But there are several problems with this arrangement. Point motors require a considerable amount of current for their operation. This means the full capacity of the transformer will be needed. Any other items using the same supply will suffer.

There are other problems too. The high currents will play havoc with switches. The back emf (reverse voltage) generated by the solenoid is sometimes sufficient to weld the switch closed. This will keep the current flowing through the solenoid and it will over-heat very quickly.

Our CAPACITOR DISCHARGE UNIT overcomes all these problems. Capacitor Discharge Units (CDU) supply a high current 'burst' to the solenoid. This current burst is over by the time the switch contacts open. thus eliminating back emf across the switch contacts. Should a solenoid be left in circuit, the current flowing through it (after the initial surge) will be less than 50mA. This won't even be enough to warm the coil!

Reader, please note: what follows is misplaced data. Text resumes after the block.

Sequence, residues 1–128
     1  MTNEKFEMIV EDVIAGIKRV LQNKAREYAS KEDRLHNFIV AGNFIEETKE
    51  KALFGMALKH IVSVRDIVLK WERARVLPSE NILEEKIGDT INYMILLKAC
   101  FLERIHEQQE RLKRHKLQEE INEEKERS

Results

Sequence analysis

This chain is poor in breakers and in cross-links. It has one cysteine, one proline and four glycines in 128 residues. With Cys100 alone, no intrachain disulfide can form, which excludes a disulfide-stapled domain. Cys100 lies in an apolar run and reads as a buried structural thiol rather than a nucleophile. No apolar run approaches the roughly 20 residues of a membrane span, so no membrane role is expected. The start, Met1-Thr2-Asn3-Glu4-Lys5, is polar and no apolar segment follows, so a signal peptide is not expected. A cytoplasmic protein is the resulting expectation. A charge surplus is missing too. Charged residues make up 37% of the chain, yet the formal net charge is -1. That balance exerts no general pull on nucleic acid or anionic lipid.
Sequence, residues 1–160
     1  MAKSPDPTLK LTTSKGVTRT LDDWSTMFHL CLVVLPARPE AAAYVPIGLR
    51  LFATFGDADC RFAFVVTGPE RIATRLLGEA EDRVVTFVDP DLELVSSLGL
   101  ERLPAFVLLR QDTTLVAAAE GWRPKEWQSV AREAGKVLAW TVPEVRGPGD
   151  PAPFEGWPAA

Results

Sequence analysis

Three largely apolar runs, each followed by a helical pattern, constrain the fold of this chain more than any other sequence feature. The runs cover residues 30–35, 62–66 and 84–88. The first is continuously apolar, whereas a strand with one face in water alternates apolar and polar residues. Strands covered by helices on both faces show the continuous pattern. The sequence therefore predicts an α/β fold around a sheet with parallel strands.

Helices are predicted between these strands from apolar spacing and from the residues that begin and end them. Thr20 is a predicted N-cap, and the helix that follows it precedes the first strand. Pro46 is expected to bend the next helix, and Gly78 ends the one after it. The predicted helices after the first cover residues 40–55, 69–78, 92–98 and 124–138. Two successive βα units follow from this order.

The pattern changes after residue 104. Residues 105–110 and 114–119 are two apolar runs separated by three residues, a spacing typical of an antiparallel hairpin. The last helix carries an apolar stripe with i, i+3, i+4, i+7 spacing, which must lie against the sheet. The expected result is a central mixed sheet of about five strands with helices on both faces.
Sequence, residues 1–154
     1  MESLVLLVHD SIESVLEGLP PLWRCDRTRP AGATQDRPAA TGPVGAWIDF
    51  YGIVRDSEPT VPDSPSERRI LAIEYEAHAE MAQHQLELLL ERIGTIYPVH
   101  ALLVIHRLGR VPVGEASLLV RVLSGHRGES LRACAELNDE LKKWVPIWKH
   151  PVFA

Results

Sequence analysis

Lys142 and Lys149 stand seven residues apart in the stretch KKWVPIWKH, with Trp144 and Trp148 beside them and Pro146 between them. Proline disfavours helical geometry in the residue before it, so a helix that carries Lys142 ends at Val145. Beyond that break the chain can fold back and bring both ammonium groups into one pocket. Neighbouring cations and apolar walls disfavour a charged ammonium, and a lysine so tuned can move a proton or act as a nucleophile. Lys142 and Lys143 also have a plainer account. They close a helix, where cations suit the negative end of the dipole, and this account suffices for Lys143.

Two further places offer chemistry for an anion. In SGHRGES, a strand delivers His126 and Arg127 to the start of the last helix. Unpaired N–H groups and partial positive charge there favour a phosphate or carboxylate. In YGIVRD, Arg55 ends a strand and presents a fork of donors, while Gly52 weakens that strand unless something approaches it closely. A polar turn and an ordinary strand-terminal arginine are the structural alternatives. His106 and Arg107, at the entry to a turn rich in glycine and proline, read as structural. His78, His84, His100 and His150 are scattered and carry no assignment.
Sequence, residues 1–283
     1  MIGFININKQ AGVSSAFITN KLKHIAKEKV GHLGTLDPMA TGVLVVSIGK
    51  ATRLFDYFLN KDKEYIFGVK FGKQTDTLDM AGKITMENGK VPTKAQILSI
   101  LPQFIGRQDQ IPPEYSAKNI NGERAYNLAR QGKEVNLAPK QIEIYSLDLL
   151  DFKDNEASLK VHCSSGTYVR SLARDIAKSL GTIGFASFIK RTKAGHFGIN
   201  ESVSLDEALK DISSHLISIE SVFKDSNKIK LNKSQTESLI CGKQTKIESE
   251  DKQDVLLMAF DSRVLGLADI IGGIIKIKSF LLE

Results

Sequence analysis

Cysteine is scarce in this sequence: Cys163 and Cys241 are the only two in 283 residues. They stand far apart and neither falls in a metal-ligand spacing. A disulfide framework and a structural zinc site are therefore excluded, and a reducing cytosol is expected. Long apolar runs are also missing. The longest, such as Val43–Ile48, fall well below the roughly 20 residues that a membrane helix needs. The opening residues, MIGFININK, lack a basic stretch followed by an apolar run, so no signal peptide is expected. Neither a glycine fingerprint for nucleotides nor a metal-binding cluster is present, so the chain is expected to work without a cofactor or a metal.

Very few components are needed to make this unit. as can be seen from the simplicity of the circuit diagram. R1 can be a 47OR 1 watt resistor or four 2K2 1/4 watt resistors in parallel.


The AC voltage (16v) at the input of the CDU is rectified by D1. This diode passes every positive half-cycle of the AC and blocks the negative half-cycle.

Assuming no solenoid is connected to the CDU, R1 pulls the base of 01 high, switching ON the transistor and allowing current to flow through it (from C to E), to charge the capacitors Cl and C2.